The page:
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House of Lords

Thursday, 5th April 2001.

The House met at three of the clock: The LORD CHANCELLOR on the Woolsack.

Prayers--Read by the Lord Bishop of Oxford.

Lord Shepherd

The Lord Privy Seal (Baroness Jay of Paddington): My Lords, before Questions, I am afraid that it is my duty to tell your Lordships that we have just heard the very sad news that my noble friend Lord Shepherd has died. I am sure that the whole House will join with me in sending sincere condolences and warmest sympathy to his family. Of course, as would be appropriate, we would all wish to pay tribute to my noble friend in the usual way. However, as we have only just heard the news, the Leader of the Opposition and I and the usual channels have agreed that perhaps tributes would be more appropriate on Monday. I hope the House will understand that. In the meantime we send our warm wishes to my noble friend's family.

Commonwealth Ministerial Action Group

3.7 p.m.

Baroness Williams of Crosby asked Her Majesty's Government:

    What progress has been made by the Commonwealth Ministerial Action Group in establishing the values and objectives for which the Commonwealth stands.

The Parliamentary Under-Secretary of State, Foreign and Commonwealth Office (Baroness Scotland of Asthal): My Lords, the Commonwealth Ministerial Action Group was set up to deal with serious and persistent violations of fundamental Commonwealth principles. It is widely acknowledged to have advanced the values and objectives established in the Harare Declaration, in terms of promoting democracy, good governance, respect for human rights and the rule of law. CMAG engagement has been particularly effective in encouraging the restoration of constitutional democracy in cases where the legitimate government have been overthrown.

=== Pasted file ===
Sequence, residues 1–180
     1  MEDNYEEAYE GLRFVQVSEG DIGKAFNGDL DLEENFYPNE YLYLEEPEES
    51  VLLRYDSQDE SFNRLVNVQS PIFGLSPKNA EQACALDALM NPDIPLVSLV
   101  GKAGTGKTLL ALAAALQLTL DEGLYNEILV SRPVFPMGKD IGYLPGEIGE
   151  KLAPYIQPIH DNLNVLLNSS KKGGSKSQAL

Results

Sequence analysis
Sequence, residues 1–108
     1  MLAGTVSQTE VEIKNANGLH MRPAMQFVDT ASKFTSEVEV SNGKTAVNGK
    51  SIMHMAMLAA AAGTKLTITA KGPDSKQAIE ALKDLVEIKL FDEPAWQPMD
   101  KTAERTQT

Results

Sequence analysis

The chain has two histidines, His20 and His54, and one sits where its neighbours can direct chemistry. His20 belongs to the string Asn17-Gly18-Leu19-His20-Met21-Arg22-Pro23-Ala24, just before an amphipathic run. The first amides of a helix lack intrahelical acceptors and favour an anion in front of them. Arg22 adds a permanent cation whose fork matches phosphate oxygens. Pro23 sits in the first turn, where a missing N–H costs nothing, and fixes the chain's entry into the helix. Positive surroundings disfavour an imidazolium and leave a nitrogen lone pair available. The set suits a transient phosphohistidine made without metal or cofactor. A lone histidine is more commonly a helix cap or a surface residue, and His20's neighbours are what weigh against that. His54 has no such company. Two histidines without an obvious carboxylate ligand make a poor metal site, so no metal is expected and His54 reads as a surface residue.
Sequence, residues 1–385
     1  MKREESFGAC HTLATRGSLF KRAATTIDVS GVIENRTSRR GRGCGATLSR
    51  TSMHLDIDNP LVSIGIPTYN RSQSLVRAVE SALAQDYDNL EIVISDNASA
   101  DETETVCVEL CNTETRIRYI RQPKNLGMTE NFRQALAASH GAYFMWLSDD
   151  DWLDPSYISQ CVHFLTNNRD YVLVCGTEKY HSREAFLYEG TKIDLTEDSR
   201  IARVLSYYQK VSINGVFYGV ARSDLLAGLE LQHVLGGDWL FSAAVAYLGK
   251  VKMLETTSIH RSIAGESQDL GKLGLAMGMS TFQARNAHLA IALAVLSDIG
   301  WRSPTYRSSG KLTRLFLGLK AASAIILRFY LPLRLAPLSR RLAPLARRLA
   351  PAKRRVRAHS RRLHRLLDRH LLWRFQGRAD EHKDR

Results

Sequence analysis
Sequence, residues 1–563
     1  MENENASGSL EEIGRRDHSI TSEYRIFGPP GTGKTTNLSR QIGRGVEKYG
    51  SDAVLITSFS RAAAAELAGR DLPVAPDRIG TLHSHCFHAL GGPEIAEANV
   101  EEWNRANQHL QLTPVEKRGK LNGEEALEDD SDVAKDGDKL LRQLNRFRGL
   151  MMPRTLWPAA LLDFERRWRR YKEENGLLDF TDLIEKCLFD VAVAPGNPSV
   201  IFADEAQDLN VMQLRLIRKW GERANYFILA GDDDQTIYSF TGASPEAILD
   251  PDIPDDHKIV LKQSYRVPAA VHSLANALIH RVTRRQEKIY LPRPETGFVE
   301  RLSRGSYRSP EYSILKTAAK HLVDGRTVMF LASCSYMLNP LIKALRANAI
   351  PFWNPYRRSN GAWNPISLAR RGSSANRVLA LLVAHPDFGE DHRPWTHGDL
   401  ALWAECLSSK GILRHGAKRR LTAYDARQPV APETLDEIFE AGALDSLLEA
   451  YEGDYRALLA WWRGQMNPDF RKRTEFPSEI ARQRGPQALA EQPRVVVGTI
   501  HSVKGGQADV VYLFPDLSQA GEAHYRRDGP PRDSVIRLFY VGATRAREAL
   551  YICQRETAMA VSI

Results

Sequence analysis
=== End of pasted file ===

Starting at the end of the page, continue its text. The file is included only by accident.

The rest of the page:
Baroness Williams of Crosby: My Lords, I thank the Minister for that reply. In the particular context of supporting democracy, was the Commonwealth Ministerial Action Group satisfied with the response of the Fijian Government to the actions that they took? Is it also satisfied with the proposals for a timetable for a return to elections in Pakistan, starting with local and provincial elections? Furthermore, given the commitment of the Commonwealth to a peaceful resolution of conflict, what is the present

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situation of the Commonwealth countries--in particular Zimbabwe and Uganda--currently involved in the Democratic Republic of the Congo conflict, with regard to their commitment to withdraw?

Baroness Scotland of Asthal: My Lords, the noble Baroness asked four questions. I shall deal with them in turn. In relation to Fiji, CMAG reacted decisively to the attempted coup and hostage-taking in May 2000. As noble Lords know, it suspended Fiji from the councils of the Commonwealth. Despite initial resistance from Fiji's un-elected regime, CMAG was instrumental in ensuring the appointment of a Commonwealth special envoy. The work of the envoy represented by a respected South African judge has done much. Last week at a meeting with John Battle, the Minister of State at the Foreign and Commonwealth Office, Fiji's caretaker Foreign Minister, Mr Tavola, welcomed the positive nature of CMAG's involvement in Fiji. So that was a positive outcome.

As noble Lords will know, Pakistan is currently suspended from the councils of the Commonwealth in accordance with the rules laid down in the Millbrook Commonwealth Action Programme. Pakistan's Foreign Minister spoke to the Commonwealth Ministerial Action Group in September last year. Pakistan has since written twice to the Commonwealth Secretary-General, but we still have no firm date for national elections. Pakistan was discussed at the Commonwealth Ministerial Action Group on 19th and 20th. CMAG Ministers urged Pakistan to clarify its position before the October meeting of Commonwealth Heads of Government in Brisbane. If it does not do so, it risks further measures being taken at Brisbane up to and including expulsion from the Commonwealth. That is quite a serious position.

The noble Baroness also asked about Zimbabwe's position in relation to the Congo and the withdrawal. I do not have a clear answer on that issue. I shall certainly write to the noble Baroness about that matter.

Lord Howell of Guildford: My Lords, given the latest illiberal set of dictatorial laws issued by President Mugabe, is it not now time that the values and objectives of the Commonwealth were asserted much more vigorously than they have been in the recent past? Since the Foreign Secretary has spoken about the importance of the Commonwealth, is it not time for Britain to take much more of an initiative in modernising and strengthening the Commonwealth's purposes? Finally, do the Government agree with the view of the Secretary-General of the Commonwealth that it does not necessarily follow that the Prince of Wales would be Head of the Commonwealth when the time comes?